Except they didn't: hardly any technological advances before the mid-19th century were driven by science. In fact, engineers often explicitly avoided dealing with scientists: tey were all "head in the cloud" and could not do practical work.

    "What Western civilization had done is to discover a kind of reality that was beyond Tribal Reality, and was beyond even the more general phenomenon of Consensus Reality. They discovered Extant Reality..."

    I can't believe someone could really think this: no one before our great, Western heroes ever knew that if a rock hit you in the head, it would hurt? So long as the tribe said it wouldn't, it wouldn't?!

    Yes, here is a lingering tribal reality in the West: the tribal reality of the scientistic who still believe this fairy tale version of history despite professional historians repeatedly having debunked it over the last century.

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    1. In short, this is basically the sixth-grade textbook intro version of the history of science.

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    2. Bruno was not punished because he had some special scientific knowledge: what exactly would that have been? He was punished for his heretical religious views.

      To the medieval Church, those were the same thing. That's my point. But if you don't like the Bruno example, the Galileo example is pretty classic and unambiguous.

      And, of course, the medieval world was full of people with special knowledge

      Knowledge, yes. Knowledge-gathering abilities? I doubt it. See the difference?

      But even that, the theory of relativity teaches us, is only a partial view: we can really model it either way.

      Actually, no. The theory of (Galilean) relativity applies to inertial reference frames; orbits involve acceleration, which is not relative. The fact that bodies orbit each other (instead of one orbiting the other) was derived by Newton.

      I can't believe someone could really think this: no one before our great, Western heroes ever knew that if a rock hit you in the head, it would hurt? So long as the tribe said it wouldn't, it wouldn't?!

      Seems a little crazy, right? But there are, RIGHT NOW, farmers in Kansas and the panhandle of Texas who deny the existence of climate change even as it destroys their farms and livelihoods. They are being hit in the head with a rock whose existence they are denying.

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    3. Kinda tribal Noah. What's the point? Climate change? Don't you mean AGW?

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    4. "Ignimbrite" is my favorite English word, followed closely by "pyroclastic".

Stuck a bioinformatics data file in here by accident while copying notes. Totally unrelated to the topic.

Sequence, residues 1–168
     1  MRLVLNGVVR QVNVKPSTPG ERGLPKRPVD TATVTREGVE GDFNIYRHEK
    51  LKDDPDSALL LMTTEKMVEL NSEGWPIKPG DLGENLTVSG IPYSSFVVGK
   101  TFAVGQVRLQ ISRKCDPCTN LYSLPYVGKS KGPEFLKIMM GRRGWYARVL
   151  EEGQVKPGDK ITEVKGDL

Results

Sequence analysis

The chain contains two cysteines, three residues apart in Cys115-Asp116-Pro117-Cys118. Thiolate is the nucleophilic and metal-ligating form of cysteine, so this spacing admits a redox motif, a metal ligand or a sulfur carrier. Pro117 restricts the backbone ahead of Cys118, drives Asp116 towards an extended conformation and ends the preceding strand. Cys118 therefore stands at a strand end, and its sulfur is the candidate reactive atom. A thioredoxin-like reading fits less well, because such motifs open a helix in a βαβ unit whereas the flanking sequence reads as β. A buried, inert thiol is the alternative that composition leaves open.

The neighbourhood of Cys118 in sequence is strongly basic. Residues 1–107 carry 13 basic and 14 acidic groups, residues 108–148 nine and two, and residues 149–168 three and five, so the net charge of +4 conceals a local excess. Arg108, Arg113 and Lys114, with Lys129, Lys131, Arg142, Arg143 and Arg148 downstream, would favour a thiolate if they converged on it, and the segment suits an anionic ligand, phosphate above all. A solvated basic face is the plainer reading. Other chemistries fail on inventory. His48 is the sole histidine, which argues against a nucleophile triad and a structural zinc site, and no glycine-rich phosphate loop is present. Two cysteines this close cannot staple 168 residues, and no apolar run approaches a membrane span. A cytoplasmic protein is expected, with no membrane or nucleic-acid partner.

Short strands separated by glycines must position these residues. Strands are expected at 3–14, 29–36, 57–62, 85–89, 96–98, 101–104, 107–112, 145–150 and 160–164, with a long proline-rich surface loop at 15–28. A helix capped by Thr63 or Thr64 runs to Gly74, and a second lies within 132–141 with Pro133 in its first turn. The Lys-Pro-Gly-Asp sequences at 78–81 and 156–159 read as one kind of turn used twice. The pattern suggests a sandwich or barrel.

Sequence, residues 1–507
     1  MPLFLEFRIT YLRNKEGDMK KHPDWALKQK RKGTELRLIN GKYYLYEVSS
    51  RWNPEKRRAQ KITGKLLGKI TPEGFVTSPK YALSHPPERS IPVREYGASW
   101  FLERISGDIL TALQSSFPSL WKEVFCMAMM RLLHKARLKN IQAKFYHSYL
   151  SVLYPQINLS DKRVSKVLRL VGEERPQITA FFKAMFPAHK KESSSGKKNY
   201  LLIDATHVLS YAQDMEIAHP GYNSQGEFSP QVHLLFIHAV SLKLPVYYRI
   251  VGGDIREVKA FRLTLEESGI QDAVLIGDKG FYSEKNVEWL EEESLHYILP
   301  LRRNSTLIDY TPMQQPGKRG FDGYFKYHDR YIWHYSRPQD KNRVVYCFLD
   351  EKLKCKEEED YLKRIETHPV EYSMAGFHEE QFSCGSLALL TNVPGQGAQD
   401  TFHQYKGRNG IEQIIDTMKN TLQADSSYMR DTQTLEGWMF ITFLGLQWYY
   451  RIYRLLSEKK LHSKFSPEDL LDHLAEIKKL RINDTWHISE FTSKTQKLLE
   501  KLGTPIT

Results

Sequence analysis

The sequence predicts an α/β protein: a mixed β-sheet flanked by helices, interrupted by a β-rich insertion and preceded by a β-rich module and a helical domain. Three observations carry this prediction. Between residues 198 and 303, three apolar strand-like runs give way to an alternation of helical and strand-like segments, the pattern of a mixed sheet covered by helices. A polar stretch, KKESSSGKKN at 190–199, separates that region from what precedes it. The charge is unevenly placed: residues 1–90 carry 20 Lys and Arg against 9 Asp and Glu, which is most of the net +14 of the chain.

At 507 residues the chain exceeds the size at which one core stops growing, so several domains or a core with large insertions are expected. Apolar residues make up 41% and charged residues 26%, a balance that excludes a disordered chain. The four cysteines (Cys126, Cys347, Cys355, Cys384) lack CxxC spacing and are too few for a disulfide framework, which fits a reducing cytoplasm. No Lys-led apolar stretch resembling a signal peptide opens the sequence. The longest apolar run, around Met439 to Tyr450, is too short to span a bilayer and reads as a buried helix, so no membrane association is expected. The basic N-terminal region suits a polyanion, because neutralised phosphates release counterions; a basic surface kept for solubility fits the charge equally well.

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    5. Yeah. I kinda like it too. And pyroclastic. Thanks.

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    6. Anonymous6:58 AM

      Hate to say this Noah, but even Galileo isn't an unambiguous case as is usually perceived:

      http://en.wikipedia.org/wiki/Galileo_affair#Dialogue

      http://en.wikipedia.org/wiki/Galileo_affair#Historiography

      There's room for reasonable disagreement here, I think, particularly how much his persecution came from him satirizing the pope in the 'Dialogue'.

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  4. You appearing to be swimming against the tide of group/tribal think which is seemingly increasingly backed by law and vested interest money. The logic for NSA/GCHQ surveillance is for me the silencing of people's thoughts and freedoms which inevitably means clamping down on people whose views deviate (whether they are tribal or free thinkers).

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  5. Lord of the Flies. Believe the stories and act them out.....

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  6. Is this based on any account of actual tribes or tribal societies? Or rather an account of "How I can imagine it to (have) be(en)?" - like the plot of "The Queen", the 2006 movie.

    No citricism intended either way, just interested, as it is not clear to me. Perhaps the hint that it is based on a "rather silly speech" should make it clear (that it's rather imagination), but I am not sure.

    More importantly, Noah, as there is another photo of you now: Do you have a round face, or are you what could be called "vollschlank" (i.e. "full-slim") in German?

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    1. Anonymous1:06 PM

      "Is this based on any account of actual tribes or tribal societies? Or rather an account of 'How I can imagine it to (have) be(en)?'"